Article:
This paper examines the relation between corporate lobbying and fraud detection. Using data on corporate lobbying expenses between 1998 and 2004, and a sample of large frauds detected during the same period, we find that firms’ lobbying activities make a significant difference in fraud detection: compared to non-lobbying firms, firms that lobby on average have a significantly lower hazard rate of being detected for fraud, evade fraud detection 117 days longer, and are 38% less likely to be detected by regulators. In addition, fraudulent firms on average spend 77% more on lobbying than non-fraudulent firms, and spend 29% more on lobbying during their fraud periods than during their non-fraud periods. The delay in detection allows managers to postpone the negative market reaction and to sell more of their shares.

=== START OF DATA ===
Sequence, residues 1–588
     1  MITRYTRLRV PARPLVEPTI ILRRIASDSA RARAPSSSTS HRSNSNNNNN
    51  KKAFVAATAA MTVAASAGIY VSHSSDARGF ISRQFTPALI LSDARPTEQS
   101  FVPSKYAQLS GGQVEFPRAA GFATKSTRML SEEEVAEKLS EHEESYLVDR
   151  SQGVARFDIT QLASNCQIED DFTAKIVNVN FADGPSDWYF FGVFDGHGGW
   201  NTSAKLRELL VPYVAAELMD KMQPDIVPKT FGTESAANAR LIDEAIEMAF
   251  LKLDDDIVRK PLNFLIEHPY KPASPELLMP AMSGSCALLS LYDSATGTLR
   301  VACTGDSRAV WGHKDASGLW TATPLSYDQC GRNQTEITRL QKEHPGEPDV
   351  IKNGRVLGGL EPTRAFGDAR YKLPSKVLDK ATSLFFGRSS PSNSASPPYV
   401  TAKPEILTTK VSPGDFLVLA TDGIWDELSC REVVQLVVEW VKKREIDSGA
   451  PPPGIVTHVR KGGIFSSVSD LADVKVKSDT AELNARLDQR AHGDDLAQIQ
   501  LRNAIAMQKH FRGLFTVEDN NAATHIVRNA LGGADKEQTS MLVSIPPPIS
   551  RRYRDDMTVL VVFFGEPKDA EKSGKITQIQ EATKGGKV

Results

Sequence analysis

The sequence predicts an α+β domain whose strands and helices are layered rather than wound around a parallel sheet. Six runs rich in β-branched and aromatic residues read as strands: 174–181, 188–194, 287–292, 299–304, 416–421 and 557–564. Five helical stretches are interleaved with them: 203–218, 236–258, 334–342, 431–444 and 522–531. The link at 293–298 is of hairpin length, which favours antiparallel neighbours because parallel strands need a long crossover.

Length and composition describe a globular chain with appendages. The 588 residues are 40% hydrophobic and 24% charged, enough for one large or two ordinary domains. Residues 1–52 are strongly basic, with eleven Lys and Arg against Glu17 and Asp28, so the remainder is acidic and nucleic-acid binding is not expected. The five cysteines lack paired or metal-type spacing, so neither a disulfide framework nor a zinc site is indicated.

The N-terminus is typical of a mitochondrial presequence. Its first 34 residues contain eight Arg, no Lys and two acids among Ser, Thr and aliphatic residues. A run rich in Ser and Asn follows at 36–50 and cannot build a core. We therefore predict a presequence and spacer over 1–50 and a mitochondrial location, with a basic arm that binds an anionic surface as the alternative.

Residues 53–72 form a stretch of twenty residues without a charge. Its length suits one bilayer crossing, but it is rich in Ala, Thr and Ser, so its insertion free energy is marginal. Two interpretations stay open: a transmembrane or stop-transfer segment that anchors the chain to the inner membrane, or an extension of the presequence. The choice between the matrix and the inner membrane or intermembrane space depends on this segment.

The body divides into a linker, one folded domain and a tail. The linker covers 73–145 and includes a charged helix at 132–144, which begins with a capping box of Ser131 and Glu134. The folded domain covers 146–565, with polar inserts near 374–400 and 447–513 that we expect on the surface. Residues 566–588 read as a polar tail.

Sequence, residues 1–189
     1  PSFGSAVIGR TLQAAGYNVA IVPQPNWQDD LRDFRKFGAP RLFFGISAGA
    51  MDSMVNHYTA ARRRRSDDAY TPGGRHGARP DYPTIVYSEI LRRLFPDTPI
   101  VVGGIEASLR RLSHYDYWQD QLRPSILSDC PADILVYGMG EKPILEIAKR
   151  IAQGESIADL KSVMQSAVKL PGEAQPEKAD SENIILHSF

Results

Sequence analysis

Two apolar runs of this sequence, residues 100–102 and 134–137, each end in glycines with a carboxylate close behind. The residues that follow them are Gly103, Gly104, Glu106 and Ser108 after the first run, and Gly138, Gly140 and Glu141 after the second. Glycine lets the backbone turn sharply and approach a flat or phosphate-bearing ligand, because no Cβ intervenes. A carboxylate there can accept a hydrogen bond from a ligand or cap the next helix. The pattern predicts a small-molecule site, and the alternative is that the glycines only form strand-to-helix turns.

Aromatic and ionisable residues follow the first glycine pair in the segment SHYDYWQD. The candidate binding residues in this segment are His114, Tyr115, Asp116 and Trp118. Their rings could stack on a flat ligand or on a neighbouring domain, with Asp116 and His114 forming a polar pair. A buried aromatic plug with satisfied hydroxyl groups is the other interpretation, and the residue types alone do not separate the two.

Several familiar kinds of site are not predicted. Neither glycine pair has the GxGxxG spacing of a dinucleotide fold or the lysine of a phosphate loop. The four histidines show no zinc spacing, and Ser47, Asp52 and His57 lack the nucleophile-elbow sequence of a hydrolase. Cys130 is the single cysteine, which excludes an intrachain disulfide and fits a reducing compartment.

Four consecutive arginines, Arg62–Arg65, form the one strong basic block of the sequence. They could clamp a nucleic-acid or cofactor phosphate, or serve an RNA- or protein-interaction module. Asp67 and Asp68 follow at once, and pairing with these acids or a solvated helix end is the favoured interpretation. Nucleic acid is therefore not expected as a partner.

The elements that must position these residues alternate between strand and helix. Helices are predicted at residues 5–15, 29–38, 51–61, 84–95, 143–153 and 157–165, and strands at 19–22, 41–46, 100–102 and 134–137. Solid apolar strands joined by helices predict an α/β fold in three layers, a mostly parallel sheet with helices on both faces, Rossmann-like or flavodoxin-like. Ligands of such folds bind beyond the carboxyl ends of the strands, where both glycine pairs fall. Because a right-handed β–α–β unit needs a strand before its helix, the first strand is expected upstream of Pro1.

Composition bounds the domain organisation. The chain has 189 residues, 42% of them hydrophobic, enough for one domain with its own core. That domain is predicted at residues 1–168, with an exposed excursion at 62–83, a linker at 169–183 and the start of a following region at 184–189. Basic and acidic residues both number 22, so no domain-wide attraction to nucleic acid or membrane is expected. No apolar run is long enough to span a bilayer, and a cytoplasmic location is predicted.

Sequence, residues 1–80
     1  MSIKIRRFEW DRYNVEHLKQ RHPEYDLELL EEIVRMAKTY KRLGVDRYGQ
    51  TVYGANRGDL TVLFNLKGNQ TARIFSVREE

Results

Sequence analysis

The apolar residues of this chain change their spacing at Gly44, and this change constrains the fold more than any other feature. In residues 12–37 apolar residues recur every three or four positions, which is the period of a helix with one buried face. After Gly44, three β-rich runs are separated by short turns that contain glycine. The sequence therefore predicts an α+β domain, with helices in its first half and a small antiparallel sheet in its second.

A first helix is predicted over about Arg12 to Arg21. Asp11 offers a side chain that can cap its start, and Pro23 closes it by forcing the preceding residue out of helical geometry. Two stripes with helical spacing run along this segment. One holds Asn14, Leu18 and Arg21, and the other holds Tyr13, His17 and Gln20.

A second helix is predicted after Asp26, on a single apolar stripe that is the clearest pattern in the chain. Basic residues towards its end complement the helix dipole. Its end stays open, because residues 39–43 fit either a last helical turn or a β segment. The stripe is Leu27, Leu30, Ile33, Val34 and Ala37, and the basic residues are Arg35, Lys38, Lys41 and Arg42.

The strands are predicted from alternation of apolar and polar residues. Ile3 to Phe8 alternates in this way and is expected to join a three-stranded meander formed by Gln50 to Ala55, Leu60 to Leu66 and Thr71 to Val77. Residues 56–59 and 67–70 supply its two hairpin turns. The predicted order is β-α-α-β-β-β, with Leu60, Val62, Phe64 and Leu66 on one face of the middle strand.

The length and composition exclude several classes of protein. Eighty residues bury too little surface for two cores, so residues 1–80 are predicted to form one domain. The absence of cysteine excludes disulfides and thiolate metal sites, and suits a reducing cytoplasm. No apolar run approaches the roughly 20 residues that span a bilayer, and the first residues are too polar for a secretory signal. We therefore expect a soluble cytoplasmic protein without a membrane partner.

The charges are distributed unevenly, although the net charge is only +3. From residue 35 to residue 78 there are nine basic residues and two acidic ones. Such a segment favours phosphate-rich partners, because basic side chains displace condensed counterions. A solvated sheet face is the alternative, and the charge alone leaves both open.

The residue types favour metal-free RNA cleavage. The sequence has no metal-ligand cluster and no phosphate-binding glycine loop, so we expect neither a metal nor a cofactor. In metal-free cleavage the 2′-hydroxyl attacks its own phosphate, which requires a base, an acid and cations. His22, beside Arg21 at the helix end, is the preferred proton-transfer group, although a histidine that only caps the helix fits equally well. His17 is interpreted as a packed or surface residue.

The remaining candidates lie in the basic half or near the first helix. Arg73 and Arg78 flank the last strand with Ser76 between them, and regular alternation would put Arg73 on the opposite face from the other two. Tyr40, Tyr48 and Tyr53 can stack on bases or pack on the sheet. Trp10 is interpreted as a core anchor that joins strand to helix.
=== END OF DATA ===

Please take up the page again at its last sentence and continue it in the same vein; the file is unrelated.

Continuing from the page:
Frank Yu
Barclays Global Investors

Xiaoyun Yu
Kelley School of Business
Indiana University

Lobbying Effective to Elude Fraud Investigations and Prosecutions

Category: Legal, Politics, Think Tank

Please use the comments to demonstrate your own ignorance, unfamiliarity with empirical data and lack of respect for scientific knowledge. Be sure to create straw men and argue against things I have neither said nor implied. If you could repeat previously discredited memes or steer the conversation into irrelevant, off topic discussions, it would be appreciated. Lastly, kindly forgo all civility in your discourse . . . you are, after all, anonymous.

2 Responses to “Corporate Lobbying Reduces FRAUD Detection”

  1. Gabriel says:

    Go Barry!
    How long will you keep up with this kind of work?
    If you don’t have any ulterior motives behind this, I would encourage you to shoot for senate. The cleanup can only work from inside (unfortunately, the disease is too contagious once you get in though).

  2. JohnathanStein says:

    Barry — How you find this stuff, and find the time to blog it, is an utter mystery!